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Favorites emerging with latest toy list from Target

BY Gail Hoffer

MINNEAPOLIS — Target is the latest in a line of retailers to put out a list of what it thinks will be the top toys of the holiday season. Many of Target’s hottest toys, including FIJIT friends and the LeapFrog branded LeapPad, are also on toy lists for Toys"R"Us, Kmart and Walmart.

“The holiday season is a busy time of year and our guests are looking for gifts that will make wishes come true,” Target VP toys Stephanie Lucy said. “Target has all of the toys that kids will love, and with our expanded Toy Catalog, it’s easier than ever for gift-givers to make their choices and save at the same time.”

Although it may be a toy list latecomer, Target is going after the competition with the launch of ane expanded toy catalog. Available on Nov. 1., the catalog features eight more pages than last year, as well as a coupon insert that contains more than $350 in savings. To help busy parents stay organized during the holiday season, the toy catalog focuses on list building — complete with checkboxes next to every item, and a special tear-out list for kids to complete, the company reported.

Target’s top toys include:

  • FIJIT Friends

  • Barbie Printable Hairtastic

  • Monster High Doll 5-pack (Target exclusive)

  • Flying Fairies Doll (Target exclusive)

  • Lite Sprites Wand and Sprite

  • Disney My First Princess Doll and Toddler Dress Gift Set (Target exclusive)

  • Lalaloopsy Crumb’s Bake off- Doll with Kitchen Set (Target exclusive)

  • Nerf Vortex Nitron Blaster

  • Star Wars Ultimate FX LightSaber

  • Air Hogs Hyperactives RC Vehicle

  • Paper Jamz Pro Series Mic

  • Disney Cars 2 Charge Ups Charge ‘N’ Race Speedway (Target exclusive)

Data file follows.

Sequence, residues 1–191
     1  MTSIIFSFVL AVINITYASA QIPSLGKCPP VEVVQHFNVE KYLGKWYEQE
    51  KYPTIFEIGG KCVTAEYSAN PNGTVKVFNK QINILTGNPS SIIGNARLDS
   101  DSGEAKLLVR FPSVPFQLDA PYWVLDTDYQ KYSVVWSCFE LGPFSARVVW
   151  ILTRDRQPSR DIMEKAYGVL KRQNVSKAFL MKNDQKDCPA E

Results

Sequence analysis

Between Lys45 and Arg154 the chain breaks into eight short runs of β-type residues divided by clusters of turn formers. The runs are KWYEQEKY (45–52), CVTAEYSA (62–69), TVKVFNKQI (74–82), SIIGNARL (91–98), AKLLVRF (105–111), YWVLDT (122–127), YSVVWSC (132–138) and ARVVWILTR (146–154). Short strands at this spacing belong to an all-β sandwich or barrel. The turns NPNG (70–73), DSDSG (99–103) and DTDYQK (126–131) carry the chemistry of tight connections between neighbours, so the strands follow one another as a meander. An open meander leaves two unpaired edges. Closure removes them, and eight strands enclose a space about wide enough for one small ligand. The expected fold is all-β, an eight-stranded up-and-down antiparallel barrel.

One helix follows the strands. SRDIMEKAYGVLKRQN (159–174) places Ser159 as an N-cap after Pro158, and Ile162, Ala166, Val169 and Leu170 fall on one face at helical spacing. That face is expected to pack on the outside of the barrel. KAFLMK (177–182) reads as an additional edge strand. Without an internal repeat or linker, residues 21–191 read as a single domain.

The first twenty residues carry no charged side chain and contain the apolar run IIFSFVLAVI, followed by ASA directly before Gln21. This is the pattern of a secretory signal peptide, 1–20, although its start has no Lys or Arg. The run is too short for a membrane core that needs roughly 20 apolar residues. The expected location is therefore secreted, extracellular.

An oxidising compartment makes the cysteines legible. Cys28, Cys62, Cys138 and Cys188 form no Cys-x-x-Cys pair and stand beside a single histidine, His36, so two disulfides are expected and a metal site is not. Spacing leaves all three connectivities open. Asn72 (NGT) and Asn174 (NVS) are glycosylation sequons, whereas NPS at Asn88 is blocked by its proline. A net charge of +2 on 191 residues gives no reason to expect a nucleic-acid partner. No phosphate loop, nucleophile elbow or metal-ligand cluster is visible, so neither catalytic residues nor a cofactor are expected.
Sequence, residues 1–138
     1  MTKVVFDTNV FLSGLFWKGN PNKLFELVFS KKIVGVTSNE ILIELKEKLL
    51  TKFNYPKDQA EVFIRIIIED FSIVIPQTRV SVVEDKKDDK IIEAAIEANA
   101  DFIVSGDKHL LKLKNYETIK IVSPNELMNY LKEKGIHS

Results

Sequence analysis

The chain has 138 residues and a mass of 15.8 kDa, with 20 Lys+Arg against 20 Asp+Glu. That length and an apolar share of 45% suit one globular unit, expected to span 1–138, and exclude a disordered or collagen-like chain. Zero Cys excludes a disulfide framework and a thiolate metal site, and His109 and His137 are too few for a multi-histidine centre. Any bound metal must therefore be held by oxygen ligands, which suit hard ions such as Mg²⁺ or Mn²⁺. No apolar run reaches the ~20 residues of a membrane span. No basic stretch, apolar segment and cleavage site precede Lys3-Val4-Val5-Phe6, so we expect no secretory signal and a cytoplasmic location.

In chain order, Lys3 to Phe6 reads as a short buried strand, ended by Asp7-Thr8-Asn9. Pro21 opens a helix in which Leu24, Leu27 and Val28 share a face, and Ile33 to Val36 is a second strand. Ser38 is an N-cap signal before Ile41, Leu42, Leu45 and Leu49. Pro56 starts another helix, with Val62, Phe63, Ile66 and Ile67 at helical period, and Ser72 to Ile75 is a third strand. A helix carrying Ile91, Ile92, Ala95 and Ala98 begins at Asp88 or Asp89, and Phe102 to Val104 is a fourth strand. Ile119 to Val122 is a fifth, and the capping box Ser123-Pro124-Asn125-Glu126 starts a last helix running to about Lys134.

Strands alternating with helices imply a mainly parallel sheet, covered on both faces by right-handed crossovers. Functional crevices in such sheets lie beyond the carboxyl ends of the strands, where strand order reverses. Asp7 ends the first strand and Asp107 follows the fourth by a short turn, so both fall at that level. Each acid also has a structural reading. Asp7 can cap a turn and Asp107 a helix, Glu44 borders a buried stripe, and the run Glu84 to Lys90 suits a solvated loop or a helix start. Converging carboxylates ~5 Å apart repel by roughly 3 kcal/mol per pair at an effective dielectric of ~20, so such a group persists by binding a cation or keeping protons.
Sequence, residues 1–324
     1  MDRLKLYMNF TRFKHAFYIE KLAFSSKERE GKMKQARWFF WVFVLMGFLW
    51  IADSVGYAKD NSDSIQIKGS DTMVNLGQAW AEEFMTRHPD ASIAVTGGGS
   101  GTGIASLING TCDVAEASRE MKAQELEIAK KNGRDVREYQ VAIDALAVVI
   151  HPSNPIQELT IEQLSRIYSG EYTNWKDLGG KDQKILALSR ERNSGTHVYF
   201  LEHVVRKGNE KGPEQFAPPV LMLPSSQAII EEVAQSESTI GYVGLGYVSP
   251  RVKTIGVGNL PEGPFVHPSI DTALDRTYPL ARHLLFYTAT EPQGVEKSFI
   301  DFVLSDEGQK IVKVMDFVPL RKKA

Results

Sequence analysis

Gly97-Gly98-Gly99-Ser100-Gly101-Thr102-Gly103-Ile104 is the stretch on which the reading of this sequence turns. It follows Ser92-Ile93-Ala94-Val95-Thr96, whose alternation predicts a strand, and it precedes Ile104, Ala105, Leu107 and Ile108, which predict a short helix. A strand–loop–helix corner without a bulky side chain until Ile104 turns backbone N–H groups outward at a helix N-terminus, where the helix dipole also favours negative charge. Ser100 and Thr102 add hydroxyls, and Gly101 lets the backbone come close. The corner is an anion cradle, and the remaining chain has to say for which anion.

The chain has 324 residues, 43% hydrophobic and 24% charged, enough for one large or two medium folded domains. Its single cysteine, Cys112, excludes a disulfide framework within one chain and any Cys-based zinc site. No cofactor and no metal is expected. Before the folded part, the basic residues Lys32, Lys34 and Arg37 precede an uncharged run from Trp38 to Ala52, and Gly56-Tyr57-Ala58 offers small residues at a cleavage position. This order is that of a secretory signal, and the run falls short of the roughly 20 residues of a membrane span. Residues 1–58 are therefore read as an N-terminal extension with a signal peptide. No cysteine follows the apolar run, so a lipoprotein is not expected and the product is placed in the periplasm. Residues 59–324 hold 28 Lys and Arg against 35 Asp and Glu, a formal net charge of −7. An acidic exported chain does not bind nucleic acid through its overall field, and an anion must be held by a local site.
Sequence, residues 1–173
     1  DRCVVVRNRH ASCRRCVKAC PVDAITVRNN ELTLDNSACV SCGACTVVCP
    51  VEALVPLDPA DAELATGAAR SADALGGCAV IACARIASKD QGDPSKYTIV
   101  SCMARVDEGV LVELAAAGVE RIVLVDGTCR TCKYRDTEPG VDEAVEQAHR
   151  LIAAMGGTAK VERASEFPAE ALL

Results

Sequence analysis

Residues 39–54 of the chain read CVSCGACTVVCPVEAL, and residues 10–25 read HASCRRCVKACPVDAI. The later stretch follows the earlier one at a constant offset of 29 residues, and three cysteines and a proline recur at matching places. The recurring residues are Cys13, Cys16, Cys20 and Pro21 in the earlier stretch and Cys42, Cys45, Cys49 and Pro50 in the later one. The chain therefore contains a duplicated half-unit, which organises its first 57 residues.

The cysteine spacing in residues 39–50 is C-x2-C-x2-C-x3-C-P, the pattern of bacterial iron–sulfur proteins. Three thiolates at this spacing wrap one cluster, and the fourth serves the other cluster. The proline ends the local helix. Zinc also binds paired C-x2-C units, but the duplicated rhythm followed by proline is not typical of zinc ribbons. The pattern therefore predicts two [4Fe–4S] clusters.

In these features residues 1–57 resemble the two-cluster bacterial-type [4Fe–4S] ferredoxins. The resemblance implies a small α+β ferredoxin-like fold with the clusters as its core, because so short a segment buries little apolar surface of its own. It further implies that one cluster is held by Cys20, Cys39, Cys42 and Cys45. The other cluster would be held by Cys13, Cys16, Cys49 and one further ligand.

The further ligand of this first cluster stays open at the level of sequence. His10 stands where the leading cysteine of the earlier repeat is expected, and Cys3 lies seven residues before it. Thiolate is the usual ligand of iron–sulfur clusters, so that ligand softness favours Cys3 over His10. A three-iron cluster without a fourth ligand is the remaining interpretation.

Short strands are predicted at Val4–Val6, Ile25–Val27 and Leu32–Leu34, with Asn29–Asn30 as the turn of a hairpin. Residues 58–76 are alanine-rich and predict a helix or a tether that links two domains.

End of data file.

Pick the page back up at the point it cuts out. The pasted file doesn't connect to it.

• Lego Millennium Falcon

  • Imaginext T-Rex

  • Thomas and Friends Trackmaster Cranky and Flynn Save the Day

  • Top Toys and Games for All:

  • Games: Scrabble, Simon and Yahtzee Flash

  • Disney Hedbanz (Target exclusive)

  • Bop It! XT

  • Rock On Elmo

  • LeapFrog LeapPad

  • Elf on the Shelf Book

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Merck chairman announces retirement

BY Alaric DeArment

WHITEHOUSE STATION, N.J. — Merck chairman Richard Clark is retiring, the company said Thursday.

Merck announced that Clark, who remained chairman of the company after stepping down as president and CEO in 2010, would retire from the company and its board of directors as of Dec. 1. Kenneth Frazier took over as president and CEO in January 2011, and the board has elected him to serve as chairman following Clark’s departure.

"I’ve been a part of Merck for more than 39 years — I always have and always will consider Merck to be an important part of my life and my extended family," Clark said. "It has been a great pleasure to work with the talented, dedicated people of Merck who are so committed to our mission of saving and improving lives around the world."


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Study: Too much TV may be an indicator of poor blood-glucose control

BY Michael Johnsen

ALEXANDRIA, Va. — Type 1 diabetics who watch the most television have poorer blood-sugar control on average, according to a study published online Sept. 16 by the American Diabetes Association’s journal Diabetes Care.

In the cross-sectional study, self-report questionnaires were used to assess media consumption habits, physical activity and socioeconomic status in 296 children, adolescents and young adults with Type 1 diabetes.

While study authors acknowledged there could be no direct correlation between television watching and blood-glucose control, at least not with this study, they surmised on possible explanation behind possible links would be in snacking — sedentary people watching TV tend to snack more, they suggested.

Youths with Type 1 diabetes (average age 14 years) spent 2.9 hours per day watching TV and using computers; they participated in physical exercise around five hours per week. Those who watched four or more hours of TV or used the computer recorded a hemoglobin A1C of 9.3% on average, versus 8.5% for those who spent less time watching TV or surfing the Internet.

According to the Council for the Advancement of Diabetes Research and Education, the risk for macrovascular and microvascular complications in all people begins to increase at an A1C level of 6.5%, with people having A1C levels of greater than 8% experiencing significantly greater complication rates. CADRE recommends for diabetics that the A1C level be managed below 7% to reduce the risk of any microvascular complications.

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